Contagion Effects in the Aftermath of Lehman’s Collapse: Evidence from the US Financial Services Industry
AbstractThe spectacular failure of the 150-year old investment bank Lehman Brothers on September 15th, 2008 was a major turning point in the global financial crisis that broke out in the summer 2007. Through the use of stock market data and Credit Default Swap (CDS) spreads, this paper examines the investors’ reaction to Lehman’s collapse in an attempt to identify a spillover effect on the surviving financial institutions. The empirical analysis indicates that (i) the collateral damages were limited to the largest financial firms; (ii) the most affected institutions were the surviving “non-bank” financial services firms; (iii) the negative effect was correlated with financial conditions of the surviving institutions. We also detect significant abnormal jumps in the CDS spreads that we interpret as evidence of sudden upward revisions in the market assessment of future default probabilities assigned to the surviving financial firms.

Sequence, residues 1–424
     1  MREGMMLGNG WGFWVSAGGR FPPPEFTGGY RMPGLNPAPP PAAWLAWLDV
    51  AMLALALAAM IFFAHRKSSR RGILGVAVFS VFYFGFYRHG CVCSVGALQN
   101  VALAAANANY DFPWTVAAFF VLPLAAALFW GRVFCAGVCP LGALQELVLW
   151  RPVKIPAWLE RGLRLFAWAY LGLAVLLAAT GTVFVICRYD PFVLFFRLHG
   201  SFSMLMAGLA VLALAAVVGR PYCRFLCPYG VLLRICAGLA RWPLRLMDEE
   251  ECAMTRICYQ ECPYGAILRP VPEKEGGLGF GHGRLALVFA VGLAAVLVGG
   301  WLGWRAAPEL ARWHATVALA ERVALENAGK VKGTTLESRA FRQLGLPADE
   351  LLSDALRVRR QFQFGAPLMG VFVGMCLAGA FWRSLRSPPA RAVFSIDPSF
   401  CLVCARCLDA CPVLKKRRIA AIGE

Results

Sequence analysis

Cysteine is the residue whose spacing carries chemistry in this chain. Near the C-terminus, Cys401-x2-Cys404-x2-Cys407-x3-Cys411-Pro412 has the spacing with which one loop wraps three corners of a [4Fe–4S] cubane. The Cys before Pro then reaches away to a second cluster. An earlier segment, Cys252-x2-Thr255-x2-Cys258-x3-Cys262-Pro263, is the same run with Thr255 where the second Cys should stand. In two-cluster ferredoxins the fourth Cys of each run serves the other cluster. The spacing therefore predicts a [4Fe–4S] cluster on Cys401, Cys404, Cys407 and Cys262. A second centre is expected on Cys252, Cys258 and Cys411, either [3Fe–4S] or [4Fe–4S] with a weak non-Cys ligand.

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Bibliographic InfoPaper provided by Banque de France in its series Working papers with number 427.
Length: 58 pages
Date of creation: 2013
Date of revision:
bank failures; systemic risk; bailout; too-big-to-fail; contagion; financial crisis; regulation; market discipline; Credit Default Swap.;
Find related papers by JEL classification:
- G21 - Financial Economics - - Financial Institutions and Services - - - Banks; Other Depository Institutions; Micro Finance Institutions; Mortgages
- G28 - Financial Economics - - Financial Institutions and Services - - - Government Policy and Regulation
This paper has been announced in the following NEP Reports:
- NEP-ALL-2013-03-30 (All new papers)
- NEP-BAN-2013-03-30 (Banking)
- NEP-FMK-2013-03-30 (Financial Markets)
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